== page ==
Animal fighting has existed across the globe in many forms for centuries. Unfortunately, this callous and brutal form of entertainment still plagues the United States in modern times. Common examples of bloodsports commonly known include cockfighting and dogfighting.
What is a Blood Sport?
Although there is no legal definition, a blood sport or a bloodsport as a category of sports or entertainment that involves bloodshed, dating back to ancient Roman times.
Why is Animal Fighting Illegal?
Animal fighting, especially dogfighting and cockfighting, is considered illegal and unlawful in all 50 states and the District of Columbia. These sports are prohibited for many reasons, aside from the heinous animal cruelty and obvious trauma that participating animals must endure (if they survive). Animal fighting also attracts other criminal activities, such as theft, gambling, drug dealing, illegal weapons, money laundering, and more.
In fact, the average dog fight could easily net more money than an armed robbery or a series of isolated drug transactions.
Unfortunately, many animals trained for these inhumane sports are grossly mistreated, drugged, abused, and purposefully aggressive that they must be euthanized.
Organized animal fighting is usually a secretive industry and very difficult for law enforcement to infiltrate.
What is Dogfighting?
Two or more dogs are put into a ring or pit to fight until one cannot continue or dies. In rural areas, fights are often staged in barns or outdoor pits; in urban areas, fights may occur in garages, basements, warehouses, abandoned buildings, back alleys, neighborhood playgrounds, or in the streets.
Dog fighting generates revenue from stud fees, admission fees and gambling.
Dogs who have been raised and trained to fight are commonly forced to wear heavy chains, left outside without adequate shelter, starved to make them more aggressive or meet weight requirements set by each fight, given narcotics, stimulants, and steroids, among many more extreme and abusive tactics.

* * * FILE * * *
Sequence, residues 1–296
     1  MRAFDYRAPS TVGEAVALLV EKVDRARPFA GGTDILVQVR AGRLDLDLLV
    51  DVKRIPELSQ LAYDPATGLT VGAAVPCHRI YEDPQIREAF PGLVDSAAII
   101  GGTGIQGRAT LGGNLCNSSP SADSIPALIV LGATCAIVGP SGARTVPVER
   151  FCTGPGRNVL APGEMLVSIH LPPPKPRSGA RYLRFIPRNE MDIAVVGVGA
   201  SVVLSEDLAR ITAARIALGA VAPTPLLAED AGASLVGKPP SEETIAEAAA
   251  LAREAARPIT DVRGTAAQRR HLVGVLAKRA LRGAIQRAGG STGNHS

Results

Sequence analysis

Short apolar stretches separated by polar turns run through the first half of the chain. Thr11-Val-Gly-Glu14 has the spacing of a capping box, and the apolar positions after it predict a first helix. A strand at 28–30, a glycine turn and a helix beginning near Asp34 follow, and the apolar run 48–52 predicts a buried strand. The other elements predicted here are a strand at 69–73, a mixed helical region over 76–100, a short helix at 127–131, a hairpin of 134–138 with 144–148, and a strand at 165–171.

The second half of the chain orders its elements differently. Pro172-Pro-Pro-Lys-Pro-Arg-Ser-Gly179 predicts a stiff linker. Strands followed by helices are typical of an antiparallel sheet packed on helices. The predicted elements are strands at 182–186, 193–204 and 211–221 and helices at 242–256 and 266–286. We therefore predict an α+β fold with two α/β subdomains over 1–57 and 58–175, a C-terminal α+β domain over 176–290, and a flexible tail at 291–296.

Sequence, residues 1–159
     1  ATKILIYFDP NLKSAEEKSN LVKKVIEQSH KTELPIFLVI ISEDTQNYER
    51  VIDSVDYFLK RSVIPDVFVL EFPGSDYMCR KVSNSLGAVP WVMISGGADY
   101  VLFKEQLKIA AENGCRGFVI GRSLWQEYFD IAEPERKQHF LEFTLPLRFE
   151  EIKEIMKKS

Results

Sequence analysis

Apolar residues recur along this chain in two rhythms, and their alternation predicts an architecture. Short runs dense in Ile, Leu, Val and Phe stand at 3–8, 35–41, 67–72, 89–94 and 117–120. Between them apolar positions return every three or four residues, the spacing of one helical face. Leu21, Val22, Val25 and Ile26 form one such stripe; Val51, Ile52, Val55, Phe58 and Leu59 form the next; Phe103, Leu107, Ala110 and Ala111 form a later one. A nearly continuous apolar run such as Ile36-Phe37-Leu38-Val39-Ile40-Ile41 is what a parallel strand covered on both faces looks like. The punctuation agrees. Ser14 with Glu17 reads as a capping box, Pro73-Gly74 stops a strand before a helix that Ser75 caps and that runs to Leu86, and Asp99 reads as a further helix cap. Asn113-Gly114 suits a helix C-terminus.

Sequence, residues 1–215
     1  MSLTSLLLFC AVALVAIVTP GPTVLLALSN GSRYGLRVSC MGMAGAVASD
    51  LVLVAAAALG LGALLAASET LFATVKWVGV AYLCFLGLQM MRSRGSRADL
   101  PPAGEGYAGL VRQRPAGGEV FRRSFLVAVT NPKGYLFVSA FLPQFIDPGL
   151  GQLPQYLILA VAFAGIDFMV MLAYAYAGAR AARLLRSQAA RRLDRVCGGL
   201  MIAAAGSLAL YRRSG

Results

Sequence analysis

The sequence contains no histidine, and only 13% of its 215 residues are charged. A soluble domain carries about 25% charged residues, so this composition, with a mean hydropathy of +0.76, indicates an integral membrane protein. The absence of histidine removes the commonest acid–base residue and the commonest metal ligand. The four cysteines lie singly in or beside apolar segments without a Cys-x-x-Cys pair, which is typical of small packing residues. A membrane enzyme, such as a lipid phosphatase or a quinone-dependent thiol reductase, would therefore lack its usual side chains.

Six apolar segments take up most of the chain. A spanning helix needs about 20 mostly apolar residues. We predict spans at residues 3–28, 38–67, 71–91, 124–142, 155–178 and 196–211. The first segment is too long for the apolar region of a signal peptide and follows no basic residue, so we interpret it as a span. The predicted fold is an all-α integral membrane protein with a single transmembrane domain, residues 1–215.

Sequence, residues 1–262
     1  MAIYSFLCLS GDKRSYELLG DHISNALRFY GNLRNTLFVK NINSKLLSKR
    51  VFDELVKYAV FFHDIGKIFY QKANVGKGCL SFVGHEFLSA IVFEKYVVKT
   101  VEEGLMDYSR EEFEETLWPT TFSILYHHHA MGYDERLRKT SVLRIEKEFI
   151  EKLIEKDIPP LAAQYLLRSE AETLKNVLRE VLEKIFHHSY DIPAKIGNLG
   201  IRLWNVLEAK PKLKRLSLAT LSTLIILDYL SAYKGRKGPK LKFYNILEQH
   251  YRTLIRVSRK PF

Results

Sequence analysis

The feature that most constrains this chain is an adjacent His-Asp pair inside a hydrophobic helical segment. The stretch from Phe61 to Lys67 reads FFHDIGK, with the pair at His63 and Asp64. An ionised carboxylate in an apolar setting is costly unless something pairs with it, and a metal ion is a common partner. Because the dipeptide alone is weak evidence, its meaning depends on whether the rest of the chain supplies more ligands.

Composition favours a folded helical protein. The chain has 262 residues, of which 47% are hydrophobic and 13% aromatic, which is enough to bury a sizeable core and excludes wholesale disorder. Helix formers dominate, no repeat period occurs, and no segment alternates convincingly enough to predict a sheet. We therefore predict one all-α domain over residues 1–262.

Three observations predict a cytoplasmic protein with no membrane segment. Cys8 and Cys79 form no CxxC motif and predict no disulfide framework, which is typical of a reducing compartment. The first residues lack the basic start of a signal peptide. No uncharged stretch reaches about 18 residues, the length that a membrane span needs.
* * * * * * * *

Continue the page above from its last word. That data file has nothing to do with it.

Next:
Image Courtesy of Operation Kindness
What is Cockfighting?
Two gamecocks are released into a pit or ring, commonly referred to as a cockpit, to fight to endure significant damage to the other. These fights typically last anywhere from a few minutes to over 30 minutes.
Gamecocks are bred and trained to have increased stamina and strength. Handlers often attach a metal razor or gaff to each rooster’s leg for a more brutal match.
The possession of birds for fighting is prohibited in 39 states and the District of Columbia.
Being a spectator at a cockfight is prohibited in 43 states and the District of Columbia.
The possession of cockfighting implements is prohibited in 15 states.
See specific states laws regarding cockfighting here: https://www.humanesociety.org/sites/default/files/docs/cockfighting-state-laws-0120%20%28final%29.pdf
Birds who are raised for cockfighting are often given muscle-building hormones, steroids, antibiotics, vitamins, and forced to train inhumanely.
Aside from the cruelty of the sport itself, the birds are kept in such close proximity that diseases tend to infect whole flocks of birds and any of the fighting birds who have come in contact. One extremely contagious disease between birds is known as infectious laryngotracheitis, or ILT. It is a herpes virus infection of poultry characterized by labored breathing, coughing, a rattling sound in the lungs, coughing up blood, eye infection, and more. Birds and flocks who test positive for this disease must be euthanized.
State Laws regarding Animal Fighting:
Dogfighting is a felony in all 50 states and the District of Columbia.
Cockfighting is illegal in all 50 states and the District of Columbia and is a felony in 37 states and D.C.
Being a spectator at an animal fight may be legal or only a misdemeanor offense according to some state laws, so prosecutors must be able to prove who is an organizer in order to achieve a felony conviction for animal fighting.
Dog Fighting in Texas
Our sister 501(c)4 organization, THLN, was instrumental in getting dog fighting outlawed in Texas, and later strengthening the statute to increase penalties for various offenses.
- The Dog Fighting Act, passed in 1983, outlaws dog fighting, promoting a dogfight, training dogs to fight, and attending a dogfight.
- The Dog Fighting Penalty Enhancement Bill increased the punishment for dogfighting from a Class A misdemeanor to a state jail felony, and increased the punishment for attending a dog fighting exhibition from a Class C misdemeanor to a Class A misdemeanor (HB 916, 2007). [Sec. 42.10.]
- The Dog Fighting Classified as Organized Crime Bill was passed in 2009 (SB 554). It allows dog fighting to be classified as organized crime and additionally allows for the forfeiture of all property including cash, vehicles, etc. associated with dogfighting.
Cockfighting in Texas
THLN also worked closely with the Texas Animal Control Association and the Humane Society of the United States in passing HB 1043 to strengthen the cockfighting laws in Texas. In addition to cockfighting itself, HB 1043 outlaws promoting a cockfight, allowing one’s property to be used for a cockfight, training fighting birds, and attending a cockfighting event.